We also have enforcement habits that were born in the days of the DeSoto Deluxe Fireflite. On-street parking has traditionally been seen as an annoying hindrance to the orderly flow of automobiles. Hence, the reflex of lots of drivers to “get off the road” when seeking to park. Respect goes first to other drivers, lest their ability to bomb down the local street at 80 km/h be impacted in the least. Pedestrians can just walk around.
Maybe in the days of the DeSoto Fireflite there weren’t too many dads trying to circumnavigate parked cars with a double stroller and bags of groceries, and maybe back then the moms just sucked it up and said nothing. But today, as a dad in that situation, I have considered buying a missile launcher. And I know I’m not alone. Something has to be done to bring back some order.
We are a big city. There are more cars. We do need more parking. We should be smart enough to put the parking in the right place so that it reinforces our walkability goals. As contradictory as that may sound, it does come down to shifting priorities between the supremacy of moving cars and the supremacy of moving people.
A parked car occupies a lot of space. It can either block people on foot or slow vehicles. On residential side streets, this shouldn’t even be a discussion. Nobody should get to speed through side streets. Parked cars should be deployed as a free traffic calming measure. (It would make streets look much better than with the front-yard parking that also proliferates – another topic for another article). On larger downtown streets, the objective should be to move people efficiently. You can probably fit twenty pedestrians in the space of one parked car. Repeat that several hundred times, and we should clearly see that sidewalk space has to be protected above all else. If this means more on-street parking and therefore reduced road capacity, maybe that could become a tipping factor in favor of transit for some drivers, although the extra parking capacity would also be helpful to streetfront businesses and local highrise residents and their visitors (as we heard during the Laurier bike lane debate).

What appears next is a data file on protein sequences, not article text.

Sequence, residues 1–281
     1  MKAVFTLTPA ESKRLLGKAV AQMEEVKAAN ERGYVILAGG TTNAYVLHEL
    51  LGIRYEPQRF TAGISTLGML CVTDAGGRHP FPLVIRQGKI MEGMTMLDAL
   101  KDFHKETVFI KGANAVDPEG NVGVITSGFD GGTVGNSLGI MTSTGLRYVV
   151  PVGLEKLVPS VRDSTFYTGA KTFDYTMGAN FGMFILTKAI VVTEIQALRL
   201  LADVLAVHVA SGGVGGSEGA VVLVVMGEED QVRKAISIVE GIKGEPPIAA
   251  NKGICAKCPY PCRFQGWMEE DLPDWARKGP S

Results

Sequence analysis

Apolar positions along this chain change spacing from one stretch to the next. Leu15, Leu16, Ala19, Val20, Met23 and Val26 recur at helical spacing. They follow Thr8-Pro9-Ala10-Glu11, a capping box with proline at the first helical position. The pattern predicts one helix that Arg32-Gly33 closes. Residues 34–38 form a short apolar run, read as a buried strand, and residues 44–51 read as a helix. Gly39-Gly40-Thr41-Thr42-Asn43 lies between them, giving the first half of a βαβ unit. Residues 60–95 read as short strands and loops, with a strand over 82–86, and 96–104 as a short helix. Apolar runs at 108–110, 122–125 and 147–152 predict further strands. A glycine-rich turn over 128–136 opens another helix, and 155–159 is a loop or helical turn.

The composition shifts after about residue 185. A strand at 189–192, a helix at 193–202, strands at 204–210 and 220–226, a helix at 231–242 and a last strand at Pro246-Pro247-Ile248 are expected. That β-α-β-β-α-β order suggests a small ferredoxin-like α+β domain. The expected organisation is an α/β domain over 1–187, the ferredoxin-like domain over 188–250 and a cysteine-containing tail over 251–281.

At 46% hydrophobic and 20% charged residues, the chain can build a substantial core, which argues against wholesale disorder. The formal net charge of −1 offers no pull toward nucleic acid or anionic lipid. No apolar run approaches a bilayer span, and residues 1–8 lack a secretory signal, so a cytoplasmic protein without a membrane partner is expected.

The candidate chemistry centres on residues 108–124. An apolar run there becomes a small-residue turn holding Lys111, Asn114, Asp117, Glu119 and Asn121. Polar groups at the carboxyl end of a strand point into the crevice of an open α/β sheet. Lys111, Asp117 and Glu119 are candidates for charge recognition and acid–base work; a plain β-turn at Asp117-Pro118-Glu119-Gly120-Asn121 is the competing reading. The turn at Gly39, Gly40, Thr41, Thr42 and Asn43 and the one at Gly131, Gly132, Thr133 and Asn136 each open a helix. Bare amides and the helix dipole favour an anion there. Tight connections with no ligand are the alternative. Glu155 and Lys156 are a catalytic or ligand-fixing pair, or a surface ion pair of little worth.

One thing is for sure: if sidewalk parking isn’t targeted by a vigorous ticketing blitz soon, it will continue to spread. Right now there are no consequences for blocking sidewalks. There should be an education campaign about this. The fines should make people think twice about ever doing it again. Pedestrians should be able to assume that they’ll be able to walk on a sidewalk without having to jump into traffic to get around some lazy bum’s “just-one-minute” parking improv. True city living means that the pedestrian is king.
“I’m doing something important here. You’re just a pedestrian.”
“I don’t want to block traffic. These deliveries need to get done.” In perfect impunity, in front of a police car, no less. So, what do you do if you’re walking with a toddler? It’s okay to face oncoming cars on foot?
That roof repair absolutely, positively requires my truck to be right there, all day long, as me and my crew are up on the roof.
“Have good day at the office, honey-bun! You too, sweet snookum’s! Smooch! Smooch! Don’t forget to pick up some milk, eh! I won’t, sweety-pie! Smooch, smooch! Oh, did you pay hydro? Darn, I forgot… I’ll do it at lunch, I promise! Smooch smooch!”
Blocking a bike lane too, no less. Classic double-header.
(All images courtesy of the author)